, one of the chief leaders of the Egyptian Gnostics, flourished in the second century. These Gnostics blended the Christian doctrine with both the Oriental and the Egyptian philosophy. They did not acknowledge an eternal principle of darkness or evil. They maintained that our Saviour consisted of two persons, Jesus the son of Joseph and Mary, and Christ, the son of God, who entered into him at his baptism, and went out of him when he was apprehended by the Jews some, if not all of them, allowed the reality of his human body. Basilides, who | had the ambition to be the founder of a sect, contrived the following modification of the heresy of the Gnostics. He pretended that God, from his own essence, had produced seven angels, or jEons. Two of these, called “power” and “wisdom,” engendered the angels of the highest order, who having formed heaven for their own residence, produced other angels of a subordinate nature, and these again produced others, till three hundred and sixty-five different orders or ranks were successively formed; all of which had one Abraxas for their common head. The lowest order living on the confines of the eternal, malignant, and self-animated matter, created this world, and the inhabitants thereof. God added rational souls to men, and subjected them to the government of angels. At length the angels fell off from their allegiance to God, and into terrible contests among themselves. He who governed the Jewish nation was the most turbulent of all. In pity, therefore, to mankind, who groaned under their oppression and discordant influence, God sent forth his son Christ, a principal JEon, to enter into the man Jesus, and by him restore the knowledge of God, and destroy the dominion of the angels, particularly of him who governed the Jews. Alarmed at this, the god of the Jews caused apprehend and crucify the man Jesus, but could not hurt the Æou who dwelt in him. Such souls as obey Jesus Christ shall at death be delivered from matter, and ascend to the supreme God: but disobedient souls shall successively pass into new bodies, till they at last become obedient.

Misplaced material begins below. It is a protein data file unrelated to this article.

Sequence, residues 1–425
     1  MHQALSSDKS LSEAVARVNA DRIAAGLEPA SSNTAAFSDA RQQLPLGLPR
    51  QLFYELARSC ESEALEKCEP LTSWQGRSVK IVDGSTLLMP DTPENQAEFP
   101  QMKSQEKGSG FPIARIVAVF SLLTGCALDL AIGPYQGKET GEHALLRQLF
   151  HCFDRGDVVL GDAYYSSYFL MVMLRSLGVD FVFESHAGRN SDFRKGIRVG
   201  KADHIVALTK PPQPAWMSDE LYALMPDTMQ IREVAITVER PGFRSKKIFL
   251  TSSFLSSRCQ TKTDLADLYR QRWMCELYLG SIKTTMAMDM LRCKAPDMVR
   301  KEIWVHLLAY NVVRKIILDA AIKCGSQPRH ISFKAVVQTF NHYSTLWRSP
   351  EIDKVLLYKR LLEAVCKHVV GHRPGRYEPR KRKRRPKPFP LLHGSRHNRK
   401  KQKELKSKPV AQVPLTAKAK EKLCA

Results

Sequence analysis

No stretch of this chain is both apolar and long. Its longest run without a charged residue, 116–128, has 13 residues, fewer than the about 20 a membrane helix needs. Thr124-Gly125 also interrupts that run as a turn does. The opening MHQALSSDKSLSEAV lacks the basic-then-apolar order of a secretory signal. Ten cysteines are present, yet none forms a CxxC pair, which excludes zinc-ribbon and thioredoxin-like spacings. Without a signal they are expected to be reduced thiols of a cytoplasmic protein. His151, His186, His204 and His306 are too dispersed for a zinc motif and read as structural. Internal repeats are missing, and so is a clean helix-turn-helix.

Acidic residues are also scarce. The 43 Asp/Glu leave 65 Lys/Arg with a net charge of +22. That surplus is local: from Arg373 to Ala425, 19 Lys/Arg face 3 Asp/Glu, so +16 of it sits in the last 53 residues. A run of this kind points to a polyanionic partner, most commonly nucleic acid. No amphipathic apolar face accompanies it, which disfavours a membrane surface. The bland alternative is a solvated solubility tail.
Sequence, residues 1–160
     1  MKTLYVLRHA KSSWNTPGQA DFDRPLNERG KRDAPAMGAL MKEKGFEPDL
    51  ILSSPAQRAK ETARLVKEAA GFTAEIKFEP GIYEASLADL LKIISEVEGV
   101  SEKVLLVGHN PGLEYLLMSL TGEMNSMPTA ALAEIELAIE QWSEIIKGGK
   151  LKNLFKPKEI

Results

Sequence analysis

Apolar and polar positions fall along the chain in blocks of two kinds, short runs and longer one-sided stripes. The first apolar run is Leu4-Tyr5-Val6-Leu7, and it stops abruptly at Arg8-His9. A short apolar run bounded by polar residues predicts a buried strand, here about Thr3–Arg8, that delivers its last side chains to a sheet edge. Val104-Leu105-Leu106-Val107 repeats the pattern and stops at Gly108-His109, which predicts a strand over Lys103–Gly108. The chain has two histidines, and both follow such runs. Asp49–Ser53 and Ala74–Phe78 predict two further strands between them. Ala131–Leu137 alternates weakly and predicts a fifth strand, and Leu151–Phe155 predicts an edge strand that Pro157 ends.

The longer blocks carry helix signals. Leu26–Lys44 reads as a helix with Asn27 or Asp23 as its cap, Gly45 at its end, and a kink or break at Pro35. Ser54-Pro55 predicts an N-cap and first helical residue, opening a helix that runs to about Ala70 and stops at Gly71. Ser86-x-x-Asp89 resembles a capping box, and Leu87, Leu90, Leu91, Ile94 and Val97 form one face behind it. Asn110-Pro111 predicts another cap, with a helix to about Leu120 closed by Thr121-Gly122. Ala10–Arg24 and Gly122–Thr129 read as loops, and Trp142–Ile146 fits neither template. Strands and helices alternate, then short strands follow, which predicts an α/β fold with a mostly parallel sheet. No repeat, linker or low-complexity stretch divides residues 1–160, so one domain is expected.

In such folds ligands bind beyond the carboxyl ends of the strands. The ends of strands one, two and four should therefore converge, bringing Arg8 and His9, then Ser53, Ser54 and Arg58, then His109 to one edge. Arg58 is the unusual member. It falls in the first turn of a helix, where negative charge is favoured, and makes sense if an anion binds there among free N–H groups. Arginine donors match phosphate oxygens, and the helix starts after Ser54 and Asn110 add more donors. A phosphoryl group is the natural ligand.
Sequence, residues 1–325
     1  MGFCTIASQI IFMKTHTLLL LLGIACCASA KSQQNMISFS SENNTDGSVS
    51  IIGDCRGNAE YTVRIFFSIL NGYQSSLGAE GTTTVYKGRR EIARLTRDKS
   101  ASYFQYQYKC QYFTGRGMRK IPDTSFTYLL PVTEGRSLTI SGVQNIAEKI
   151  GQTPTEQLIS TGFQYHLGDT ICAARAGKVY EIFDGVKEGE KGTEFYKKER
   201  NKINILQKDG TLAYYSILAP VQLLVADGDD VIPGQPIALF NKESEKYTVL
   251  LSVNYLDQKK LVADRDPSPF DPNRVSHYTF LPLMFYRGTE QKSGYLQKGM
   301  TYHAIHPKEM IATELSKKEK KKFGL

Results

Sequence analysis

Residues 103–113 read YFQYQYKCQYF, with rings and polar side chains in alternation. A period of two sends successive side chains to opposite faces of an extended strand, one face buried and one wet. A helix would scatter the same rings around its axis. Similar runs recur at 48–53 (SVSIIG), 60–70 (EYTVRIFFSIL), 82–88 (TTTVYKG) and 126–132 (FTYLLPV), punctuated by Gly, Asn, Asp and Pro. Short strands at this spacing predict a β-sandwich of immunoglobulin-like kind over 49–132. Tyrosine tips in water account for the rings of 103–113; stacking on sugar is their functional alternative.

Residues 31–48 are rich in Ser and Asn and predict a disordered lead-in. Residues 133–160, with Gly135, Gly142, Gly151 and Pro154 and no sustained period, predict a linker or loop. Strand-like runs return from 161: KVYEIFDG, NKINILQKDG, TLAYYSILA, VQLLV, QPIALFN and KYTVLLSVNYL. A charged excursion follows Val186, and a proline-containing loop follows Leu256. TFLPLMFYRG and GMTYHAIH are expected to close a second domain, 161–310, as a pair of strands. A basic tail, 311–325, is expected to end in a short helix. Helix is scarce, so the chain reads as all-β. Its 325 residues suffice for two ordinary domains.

This doctrine, in point of morals, if we may credit the accounts of most ancient writers, was favourable to the lusts and passions of mankind, aud permitted the practice of all sorts of wickedness. But those whose testimonies are equally worthy of regard, give a quite different account of this teacher, ind represent him as recommending the practice of virtue and piety in the strongest manner, and as having condemned not only the actual commission of iniquity, but even every inward propensity of the mind to a vicious conduct. But in some respects he certainly gave offence to all real Christians. He affirmed it to be lawful for them to conceal their religion, to deny Christ, when their lives were in danger, and to partake of the feasts of the Gentiles that were instituted in consequence of the sacrifices offered to idols. He endeavoured also to diminish the character of those who suffered martyrdom for the cause | of Christ, impiously maintaining, that they were heinous sinners than others, and that their sufferings were to be looked upon as a punishment inflicted upon them by the divine justice. He was led into this enormous error, by a notion that all the calamities of this life were of a penal nature. This rendered his principles greatly suspected: and the irregular lives of some of his disciples deemed to justify the unfavourable opinion that was entertained of their master. Bcausobre, in his history of Mahicheism, discusses these points with great candour. Basilides wrote many books, which are now lost. Clemens Alexandrinus, cites the 23d of his explications of the

fospel, but of what gospel is doubtful: probably it might e one written by him, and which bore his name. In imitation of Pythagoras he obliged his scholars to a five years silence, teaching them to know all, and penetrate all; themselves being invisible, and unknown. “Know yourself, $ays he, and let nobody know you. The many must not, and cannot know their affairs; but only one of a thousand, and two of ten thousand. It is not at all proper for you to discover openly your mysteries, but to retain them in silence.” After he had spread his doctrine over the greatest part of Egypt, he died at Alexandria about the year 130, according to Fleury, and in the year 133, according to Jerom and Tillemont. 1


Mosheim, Eccl, Hist. —Lardner’s Works. -—Cave, vol. I. —Moreri.